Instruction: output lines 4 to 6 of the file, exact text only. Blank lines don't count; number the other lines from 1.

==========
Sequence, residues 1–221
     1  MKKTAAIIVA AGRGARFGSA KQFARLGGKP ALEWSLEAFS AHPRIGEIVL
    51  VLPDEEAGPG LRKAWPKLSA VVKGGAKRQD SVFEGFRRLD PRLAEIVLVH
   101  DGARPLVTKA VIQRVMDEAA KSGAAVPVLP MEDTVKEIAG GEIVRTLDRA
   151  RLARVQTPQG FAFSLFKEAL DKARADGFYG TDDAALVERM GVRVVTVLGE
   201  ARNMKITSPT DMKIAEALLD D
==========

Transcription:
   101  DGARPLVTKA VIQRVMDEAA KSGAAVPVLP MEDTVKEIAG GEIVRTLDRA
   151  RLARVQTPQG FAFSLFKEAL DKARADGFYG TDDAALVERM GVRVVTVLGE
   201  ARNMKITSPT DMKIAEALLD D